This is how it happened. As Shalik walked by on her way to her favorite bench up the lake shore one Sunday, she came upon Arjun, seated on a rock at the water’s edge. He had a line in the water. Those days, no one could afford any fancy fishing gear, so he just had a stick with a line, at the end of which was impaled a worm. He’d just snagged a smallish katla, now lying inside a basket, still flopping around. He had the line back in.
On his left hand, the boy held P.G.Wodehouse’s The Mating Season. He was chuckling quietly to himself when she came upon him. With the katla in the basket still doing a flip-flap, it looked as if Arjun was reading out loud and the katla was ROFLing. The whole thing was funny enough for her to stop in her stride and burst into laughter. He jerked around at the sudden noisy giggles and stared at her, annoyed.
“Listen, miss, what you just did was unforgivable. I was negotiating with this huge mommy katla when you scared her away. If this was medieval England, you’d be burnt at the stake for this.” Arjun paused and took a second look at her. The edge in his voice was missing when he said, “Well, don’t just stand there, give me a hand, will you?”
The boy dragged her by the hand to an adjacent rock and held out another fishing ‘stick’ already rigged with line and worm. There was so much authority in his tone that she came forward, hurriedly sat down on the rock, and took charge of the stick after he’d swung it into the water. And there, as they sat, they laughed over Wodehouse (who was Shalik’s favorite, too) and this and that. The sun seemed to be flying across the sky much faster that day.
They caught two katlas and one huge rui by the time the shadows began lengthening. As he gathered up his fishing paraphernalia, Arjun turned to Shalik and said, simply, “I am going to marry you. You will be my wife. You are going to wait, for me to be able to.” That was that. He reached inside his pocket and brought out a ring, one of those shiny trinkets the hawkers sell at the Gariahat crossing.
“So, you are one of those roadside Romeos, walking around with a ring in your pocket,” she said lamely, her pulse throbbing, as she let him take her small hands gently in his, while he threaded the ring in. But she wasn’t prepared for his reply which left her stunned, pleasantly stunned.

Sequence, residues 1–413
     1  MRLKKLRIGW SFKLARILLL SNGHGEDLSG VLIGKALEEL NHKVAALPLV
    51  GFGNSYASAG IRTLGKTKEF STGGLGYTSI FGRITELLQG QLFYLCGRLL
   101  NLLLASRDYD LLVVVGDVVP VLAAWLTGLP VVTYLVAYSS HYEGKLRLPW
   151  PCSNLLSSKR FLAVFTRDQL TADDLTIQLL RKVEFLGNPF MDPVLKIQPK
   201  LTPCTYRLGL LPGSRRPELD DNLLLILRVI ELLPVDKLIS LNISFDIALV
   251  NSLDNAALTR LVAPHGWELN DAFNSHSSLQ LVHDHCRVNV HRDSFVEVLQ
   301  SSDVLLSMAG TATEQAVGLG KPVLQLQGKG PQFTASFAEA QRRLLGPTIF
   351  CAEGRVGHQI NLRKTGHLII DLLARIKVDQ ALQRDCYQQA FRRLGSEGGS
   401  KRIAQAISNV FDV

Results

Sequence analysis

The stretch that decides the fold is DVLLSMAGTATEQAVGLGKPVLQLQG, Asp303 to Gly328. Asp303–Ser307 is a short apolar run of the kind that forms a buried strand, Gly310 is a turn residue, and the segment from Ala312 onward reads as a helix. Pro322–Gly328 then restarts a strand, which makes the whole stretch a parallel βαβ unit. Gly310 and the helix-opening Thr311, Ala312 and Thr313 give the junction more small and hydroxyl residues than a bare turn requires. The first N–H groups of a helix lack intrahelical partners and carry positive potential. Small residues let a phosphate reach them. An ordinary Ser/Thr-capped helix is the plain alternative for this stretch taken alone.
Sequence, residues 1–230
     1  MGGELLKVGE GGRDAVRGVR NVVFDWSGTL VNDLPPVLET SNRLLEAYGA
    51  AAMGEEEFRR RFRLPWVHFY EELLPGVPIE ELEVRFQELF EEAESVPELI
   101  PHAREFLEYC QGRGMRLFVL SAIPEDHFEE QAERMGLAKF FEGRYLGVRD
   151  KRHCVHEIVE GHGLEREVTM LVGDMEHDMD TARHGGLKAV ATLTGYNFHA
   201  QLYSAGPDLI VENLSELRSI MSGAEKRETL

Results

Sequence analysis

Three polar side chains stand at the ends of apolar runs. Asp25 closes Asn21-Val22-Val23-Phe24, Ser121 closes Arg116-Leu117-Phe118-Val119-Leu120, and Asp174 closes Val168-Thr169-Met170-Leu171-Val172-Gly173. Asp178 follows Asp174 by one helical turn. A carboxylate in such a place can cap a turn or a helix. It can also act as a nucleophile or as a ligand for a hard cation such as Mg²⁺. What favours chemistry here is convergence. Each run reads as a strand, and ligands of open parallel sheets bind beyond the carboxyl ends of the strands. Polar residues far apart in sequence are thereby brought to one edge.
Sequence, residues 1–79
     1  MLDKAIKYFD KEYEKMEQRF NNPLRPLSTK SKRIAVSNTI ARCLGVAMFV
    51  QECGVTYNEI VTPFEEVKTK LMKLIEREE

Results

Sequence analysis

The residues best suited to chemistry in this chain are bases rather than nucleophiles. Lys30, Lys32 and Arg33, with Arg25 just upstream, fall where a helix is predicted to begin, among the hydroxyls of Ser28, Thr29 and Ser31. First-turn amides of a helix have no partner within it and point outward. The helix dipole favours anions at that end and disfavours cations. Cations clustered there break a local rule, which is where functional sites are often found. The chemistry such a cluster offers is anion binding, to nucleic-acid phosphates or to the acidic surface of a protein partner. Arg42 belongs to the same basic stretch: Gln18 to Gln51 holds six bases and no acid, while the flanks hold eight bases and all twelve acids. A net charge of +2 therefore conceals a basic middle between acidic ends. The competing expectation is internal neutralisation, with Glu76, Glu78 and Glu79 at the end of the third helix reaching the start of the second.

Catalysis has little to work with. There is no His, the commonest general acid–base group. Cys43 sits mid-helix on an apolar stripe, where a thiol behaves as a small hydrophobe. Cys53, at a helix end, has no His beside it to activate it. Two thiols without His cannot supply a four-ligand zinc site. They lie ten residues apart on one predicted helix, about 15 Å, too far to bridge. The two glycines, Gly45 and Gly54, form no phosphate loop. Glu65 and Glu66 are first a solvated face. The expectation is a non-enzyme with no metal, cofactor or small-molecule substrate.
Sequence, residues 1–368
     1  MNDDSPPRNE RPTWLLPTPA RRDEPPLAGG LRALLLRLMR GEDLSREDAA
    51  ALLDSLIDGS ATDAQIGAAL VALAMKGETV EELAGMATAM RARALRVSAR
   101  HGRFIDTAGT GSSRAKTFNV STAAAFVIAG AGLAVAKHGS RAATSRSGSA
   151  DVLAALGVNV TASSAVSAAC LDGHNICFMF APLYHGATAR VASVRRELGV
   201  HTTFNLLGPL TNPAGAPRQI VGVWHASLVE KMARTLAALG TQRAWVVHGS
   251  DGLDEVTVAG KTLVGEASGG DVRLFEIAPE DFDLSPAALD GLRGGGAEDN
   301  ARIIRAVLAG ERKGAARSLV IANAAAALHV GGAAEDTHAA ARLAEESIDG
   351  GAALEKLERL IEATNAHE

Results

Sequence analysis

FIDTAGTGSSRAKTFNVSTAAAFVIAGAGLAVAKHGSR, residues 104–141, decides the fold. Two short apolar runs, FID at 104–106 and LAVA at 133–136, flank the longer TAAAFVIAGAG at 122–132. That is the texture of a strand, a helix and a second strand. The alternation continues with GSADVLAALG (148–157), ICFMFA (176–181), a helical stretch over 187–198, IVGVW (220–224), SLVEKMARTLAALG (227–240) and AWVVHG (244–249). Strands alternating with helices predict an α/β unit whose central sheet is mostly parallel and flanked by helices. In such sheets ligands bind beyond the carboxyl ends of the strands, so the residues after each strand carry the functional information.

He simply shook his head and said, “It had been in my pocket for a while, waiting for you, ever since I’d spotted you with Hanshi. I knew it’d just be a matter of time.”
He had then taken her by the hand, up the grassy slope, onto the narrow walkers’ path that ringed the lake. Exactly ten years from that day, they were married. He had a few conditions that she had respected. That she’d walk into his home with only one suitcase filled with just the things dear to her. There would be a civil wedding and a small dinner for very close relatives and friends. He would be back at work the next morning. And that’s exactly what happened.
Over the years, Shalik learned to fall in love with Arjun and he with her. She was first attracted by his stern exterior and mushy insides, his quick wit, and his unending optimism about life in general. And she still is even now.
And Shalik? Well, as she reached out to Arjun’s sleeping form in the dark and ran her fingers through his greying hair, Shalik drew a deep breath and whispered softly, “Nandini Shyamrao, I’ll take it from here. Shalik is back in town.”
Before I finish, let me tie up some loose ends here. Shalik’s aunt and uncle later came to love her just as much as Hanshi. They have settled down for good in Salt Lake, where Shalik’s uncle runs a successful law practice. Hanshi grew into advertising like a fish takes to water. She is now the creative director at the Indian subsidiary of one of the largest ad agencies in the world. She remains unmarried but blissfully tied in knots with a dozen eligible men, at any given point of the time. And as to the question of Shalik’s father, who finds no mention here, the writer begs the reader’s forgiveness for skipping the old man, who asked that he may please be left out of the narrative.
Old writers hate writing about themselves, y’know.
Illustration: Achyut Dutt
Achyut Dutt, 59, builds jet engines at Pratt and Whitney Canada. To read more about his take on life, just google ‘spunkybong’.